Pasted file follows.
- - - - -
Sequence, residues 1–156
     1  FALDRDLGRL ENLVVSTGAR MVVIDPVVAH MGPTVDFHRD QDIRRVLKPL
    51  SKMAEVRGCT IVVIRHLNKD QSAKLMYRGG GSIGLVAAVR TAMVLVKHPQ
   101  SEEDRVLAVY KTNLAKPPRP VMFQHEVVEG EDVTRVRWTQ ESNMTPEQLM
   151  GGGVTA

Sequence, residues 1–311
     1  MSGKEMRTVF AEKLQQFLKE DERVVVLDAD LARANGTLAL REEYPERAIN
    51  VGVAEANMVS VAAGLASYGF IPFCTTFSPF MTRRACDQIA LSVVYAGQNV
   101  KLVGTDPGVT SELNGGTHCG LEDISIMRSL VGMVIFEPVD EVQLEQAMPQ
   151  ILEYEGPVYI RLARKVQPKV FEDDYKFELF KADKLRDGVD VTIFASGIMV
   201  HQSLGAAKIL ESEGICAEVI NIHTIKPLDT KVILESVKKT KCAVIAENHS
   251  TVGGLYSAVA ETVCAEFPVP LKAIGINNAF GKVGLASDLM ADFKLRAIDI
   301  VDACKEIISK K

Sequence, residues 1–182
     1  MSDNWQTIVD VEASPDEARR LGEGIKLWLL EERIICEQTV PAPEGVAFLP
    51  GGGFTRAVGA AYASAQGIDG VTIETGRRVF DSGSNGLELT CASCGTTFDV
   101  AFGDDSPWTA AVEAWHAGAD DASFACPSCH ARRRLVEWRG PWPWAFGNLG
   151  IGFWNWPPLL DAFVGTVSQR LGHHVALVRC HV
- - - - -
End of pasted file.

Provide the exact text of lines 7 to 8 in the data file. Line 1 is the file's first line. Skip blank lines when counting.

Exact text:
     1  MSGKEMRTVF AEKLQQFLKE DERVVVLDAD LARANGTLAL REEYPERAIN
    51  VGVAEANMVS VAAGLASYGF IPFCTTFSPF MTRRACDQIA LSVVYAGQNV